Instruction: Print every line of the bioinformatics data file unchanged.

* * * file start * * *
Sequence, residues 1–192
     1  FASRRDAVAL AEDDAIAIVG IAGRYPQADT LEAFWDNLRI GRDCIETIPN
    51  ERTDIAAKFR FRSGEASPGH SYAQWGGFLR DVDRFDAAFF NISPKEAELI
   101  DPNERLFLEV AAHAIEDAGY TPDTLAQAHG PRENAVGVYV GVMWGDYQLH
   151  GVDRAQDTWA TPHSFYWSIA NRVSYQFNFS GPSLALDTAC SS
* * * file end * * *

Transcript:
Sequence, residues 1–192
     1  FASRRDAVAL AEDDAIAIVG IAGRYPQADT LEAFWDNLRI GRDCIETIPN
    51  ERTDIAAKFR FRSGEASPGH SYAQWGGFLR DVDRFDAAFF NISPKEAELI
   101  DPNERLFLEV AAHAIEDAGY TPDTLAQAHG PRENAVGVYV GVMWGDYQLH
   151  GVDRAQDTWA TPHSFYWSIA NRVSYQFNFS GPSLALDTAC SS